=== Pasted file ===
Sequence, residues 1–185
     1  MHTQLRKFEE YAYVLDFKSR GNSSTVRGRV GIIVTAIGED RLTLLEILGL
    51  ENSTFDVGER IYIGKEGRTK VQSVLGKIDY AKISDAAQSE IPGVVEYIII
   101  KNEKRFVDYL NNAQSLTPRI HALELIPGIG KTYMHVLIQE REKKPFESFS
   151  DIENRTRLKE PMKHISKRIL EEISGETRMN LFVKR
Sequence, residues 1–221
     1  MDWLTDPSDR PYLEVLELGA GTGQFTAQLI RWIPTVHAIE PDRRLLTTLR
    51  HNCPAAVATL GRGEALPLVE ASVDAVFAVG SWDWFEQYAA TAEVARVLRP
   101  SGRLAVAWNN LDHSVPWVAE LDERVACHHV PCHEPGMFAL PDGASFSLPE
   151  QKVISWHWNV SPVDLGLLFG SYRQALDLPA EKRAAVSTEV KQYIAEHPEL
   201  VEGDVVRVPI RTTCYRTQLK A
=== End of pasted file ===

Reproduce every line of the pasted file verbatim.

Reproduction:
Sequence, residues 1–185
     1  MHTQLRKFEE YAYVLDFKSR GNSSTVRGRV GIIVTAIGED RLTLLEILGL
    51  ENSTFDVGER IYIGKEGRTK VQSVLGKIDY AKISDAAQSE IPGVVEYIII
   101  KNEKRFVDYL NNAQSLTPRI HALELIPGIG KTYMHVLIQE REKKPFESFS
   151  DIENRTRLKE PMKHISKRIL EEISGETRMN LFVKR
Sequence, residues 1–221
     1  MDWLTDPSDR PYLEVLELGA GTGQFTAQLI RWIPTVHAIE PDRRLLTTLR
    51  HNCPAAVATL GRGEALPLVE ASVDAVFAVG SWDWFEQYAA TAEVARVLRP
   101  SGRLAVAWNN LDHSVPWVAE LDERVACHHV PCHEPGMFAL PDGASFSLPE
   151  QKVISWHWNV SPVDLGLLFG SYRQALDLPA EKRAAVSTEV KQYIAEHPEL
   201  VEGDVVRVPI RTTCYRTQLK A